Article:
D/FW AIRPORT -- Every ship's crew has stories to tell at reunions.
Listen to the story of the USS Frank E Evans, from the night of June 3, 1969.
"I heard a big loud crash," recalled Tom Anthony, his eyes reddening. "Water coming in about 15 feet to my left."
The Evans had been blacked out for a large night training exercise in the South China Sea. It crossed the path of the Australian aircraft carrier Melbourne, which cut the smaller destroyer in half.
Anthony, a radar operator from Fort Worth, had just gone to bed after being relieved by his best friend, Greg Sage. He found himself scrambling through darkened corridors turned at a 45-degree angle.
He remembers looking back, "water coming through the hatch I just left. Water hit the light. I saw my friends get sucked down."
With sailors screaming and dying behind him, a jammed hatch blocked Anthony's escape, until someone opened it from the outside. A sailor had swum back to the sinking bow, and risked his life to open hatches.
Anthony jumped into the sea, and struggled to get away from the suction.
"I rolled over -- backstroked," he said. "I looked at my ship. Saw it go down. Giant bubbles, and it was gone."
Floating nearby, Chief gunner's mate Larry Reilly, Sr. watched the front of the ship sink. He didn't know 74 sailors would die that night.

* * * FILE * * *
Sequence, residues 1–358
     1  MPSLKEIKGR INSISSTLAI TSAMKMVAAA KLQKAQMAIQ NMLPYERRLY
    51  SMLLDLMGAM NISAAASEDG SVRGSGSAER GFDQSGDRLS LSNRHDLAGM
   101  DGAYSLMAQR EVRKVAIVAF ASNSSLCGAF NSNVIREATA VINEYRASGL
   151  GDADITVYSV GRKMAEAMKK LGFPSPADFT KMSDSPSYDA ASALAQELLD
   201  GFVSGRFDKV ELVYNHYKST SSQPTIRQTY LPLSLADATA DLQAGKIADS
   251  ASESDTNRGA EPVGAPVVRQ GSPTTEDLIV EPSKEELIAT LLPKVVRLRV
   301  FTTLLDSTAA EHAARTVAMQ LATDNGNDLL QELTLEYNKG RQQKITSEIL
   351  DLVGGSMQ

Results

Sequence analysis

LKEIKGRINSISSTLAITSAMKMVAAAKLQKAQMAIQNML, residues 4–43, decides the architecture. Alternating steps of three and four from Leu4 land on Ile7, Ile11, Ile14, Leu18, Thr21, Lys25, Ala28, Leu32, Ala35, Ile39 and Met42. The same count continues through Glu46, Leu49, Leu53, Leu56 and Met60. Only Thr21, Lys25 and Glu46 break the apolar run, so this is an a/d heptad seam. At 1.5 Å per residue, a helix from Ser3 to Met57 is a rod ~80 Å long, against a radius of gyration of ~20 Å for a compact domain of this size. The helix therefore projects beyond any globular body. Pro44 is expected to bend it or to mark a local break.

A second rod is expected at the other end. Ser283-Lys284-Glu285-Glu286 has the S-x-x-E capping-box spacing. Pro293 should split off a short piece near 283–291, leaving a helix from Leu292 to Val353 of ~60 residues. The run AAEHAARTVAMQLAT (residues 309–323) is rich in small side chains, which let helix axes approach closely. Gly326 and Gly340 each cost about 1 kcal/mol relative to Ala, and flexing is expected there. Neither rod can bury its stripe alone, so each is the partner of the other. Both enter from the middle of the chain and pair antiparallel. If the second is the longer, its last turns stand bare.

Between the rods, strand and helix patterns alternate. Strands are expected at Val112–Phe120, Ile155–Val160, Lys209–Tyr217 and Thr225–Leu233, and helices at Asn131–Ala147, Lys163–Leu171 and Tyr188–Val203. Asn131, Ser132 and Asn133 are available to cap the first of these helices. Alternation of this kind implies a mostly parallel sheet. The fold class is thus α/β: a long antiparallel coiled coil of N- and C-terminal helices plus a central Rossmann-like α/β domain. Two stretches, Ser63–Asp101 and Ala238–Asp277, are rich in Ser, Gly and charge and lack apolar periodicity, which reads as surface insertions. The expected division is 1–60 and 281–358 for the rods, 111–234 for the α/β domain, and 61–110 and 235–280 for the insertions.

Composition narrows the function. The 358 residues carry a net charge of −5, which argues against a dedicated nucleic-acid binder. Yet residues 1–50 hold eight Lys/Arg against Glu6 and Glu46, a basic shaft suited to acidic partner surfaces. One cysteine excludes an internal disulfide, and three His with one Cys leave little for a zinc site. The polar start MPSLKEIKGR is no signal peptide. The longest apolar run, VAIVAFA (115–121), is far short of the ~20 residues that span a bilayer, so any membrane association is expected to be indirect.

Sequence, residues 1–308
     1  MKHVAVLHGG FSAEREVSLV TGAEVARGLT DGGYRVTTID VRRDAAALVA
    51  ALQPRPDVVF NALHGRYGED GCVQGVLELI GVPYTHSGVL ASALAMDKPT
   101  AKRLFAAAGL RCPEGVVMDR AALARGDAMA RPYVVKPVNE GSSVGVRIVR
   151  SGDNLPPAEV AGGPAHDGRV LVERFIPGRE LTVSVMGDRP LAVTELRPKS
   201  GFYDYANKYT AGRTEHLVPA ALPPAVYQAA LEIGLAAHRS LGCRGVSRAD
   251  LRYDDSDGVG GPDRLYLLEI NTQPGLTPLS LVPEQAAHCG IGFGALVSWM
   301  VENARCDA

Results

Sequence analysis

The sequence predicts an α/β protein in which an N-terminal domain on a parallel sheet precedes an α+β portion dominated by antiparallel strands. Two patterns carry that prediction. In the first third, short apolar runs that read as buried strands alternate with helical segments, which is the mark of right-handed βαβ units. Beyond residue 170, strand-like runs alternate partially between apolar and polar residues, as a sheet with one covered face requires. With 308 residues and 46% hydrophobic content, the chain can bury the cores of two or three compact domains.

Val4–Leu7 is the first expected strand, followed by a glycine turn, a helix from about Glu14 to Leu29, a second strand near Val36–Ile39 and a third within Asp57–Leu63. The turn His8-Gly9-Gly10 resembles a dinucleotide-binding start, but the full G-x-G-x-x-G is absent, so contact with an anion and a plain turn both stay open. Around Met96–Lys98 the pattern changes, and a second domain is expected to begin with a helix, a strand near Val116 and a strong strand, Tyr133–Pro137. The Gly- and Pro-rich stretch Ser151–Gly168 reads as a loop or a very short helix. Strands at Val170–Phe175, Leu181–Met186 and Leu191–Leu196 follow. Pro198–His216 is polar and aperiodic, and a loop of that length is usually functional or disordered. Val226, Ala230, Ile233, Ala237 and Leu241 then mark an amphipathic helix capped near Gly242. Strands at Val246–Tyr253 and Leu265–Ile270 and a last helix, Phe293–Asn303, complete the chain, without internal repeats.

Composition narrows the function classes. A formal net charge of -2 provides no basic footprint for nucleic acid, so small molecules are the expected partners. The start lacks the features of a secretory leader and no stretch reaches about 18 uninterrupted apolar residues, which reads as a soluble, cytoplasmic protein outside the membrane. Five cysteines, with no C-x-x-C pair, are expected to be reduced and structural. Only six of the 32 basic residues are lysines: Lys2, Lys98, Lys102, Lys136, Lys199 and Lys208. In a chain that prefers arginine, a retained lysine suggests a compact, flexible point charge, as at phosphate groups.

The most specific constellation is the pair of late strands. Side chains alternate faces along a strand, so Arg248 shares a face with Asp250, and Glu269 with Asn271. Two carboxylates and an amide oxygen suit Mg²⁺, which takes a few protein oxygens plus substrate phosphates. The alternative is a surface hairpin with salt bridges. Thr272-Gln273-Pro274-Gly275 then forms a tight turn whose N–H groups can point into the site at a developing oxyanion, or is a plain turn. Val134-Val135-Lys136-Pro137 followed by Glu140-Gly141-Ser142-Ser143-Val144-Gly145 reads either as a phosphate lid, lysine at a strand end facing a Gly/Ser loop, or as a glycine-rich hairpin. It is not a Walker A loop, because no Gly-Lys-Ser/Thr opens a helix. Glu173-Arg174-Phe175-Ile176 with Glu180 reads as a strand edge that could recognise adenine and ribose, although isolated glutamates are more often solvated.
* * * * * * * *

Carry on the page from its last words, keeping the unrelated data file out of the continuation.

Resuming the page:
But he knew Larry Reilly Jr. was at his station, deep in the bow.
"It was pretty obvious to me no one was going to get out of that forward fire room," recalled the 88-year-old Reilly. "Ship went down in three-and-a-half minutes."
Reilly lost his son. The Sage family of Nebraska lost three sons, Greg, Gary and Kelly.
But 199 sailors survived. Sixteen of them joined sailors from previous years at the Hyatt Regency at D/FW Airport for the annual reunion.
They're still a fighting crew -- fighting the government to get the fallen sailors' names inscribed on the Vietnam Memorial.
The Evans had steamed just beyond the combat zone for training after firing on Vietnam the day before. Survivor Steve Kraus believes the government did not want to classify them as Vietnam-related casualties, because such a large loss would increase political pressure to end the war.
"It was probably a directive that this was a training exercise, non-Vietnam related," Kraus said. "Scratch off 74."
"I'm 65. I was 22 when it happened," Tom Anthony said. "Every day I have nightmares."
After the Navy, Anthony was a letter carrier in Arlington for nearly 25 years. He still carries deep emotional scars from that night in 1969.
"It's been 43 years," he said. "And I'm still mad about it."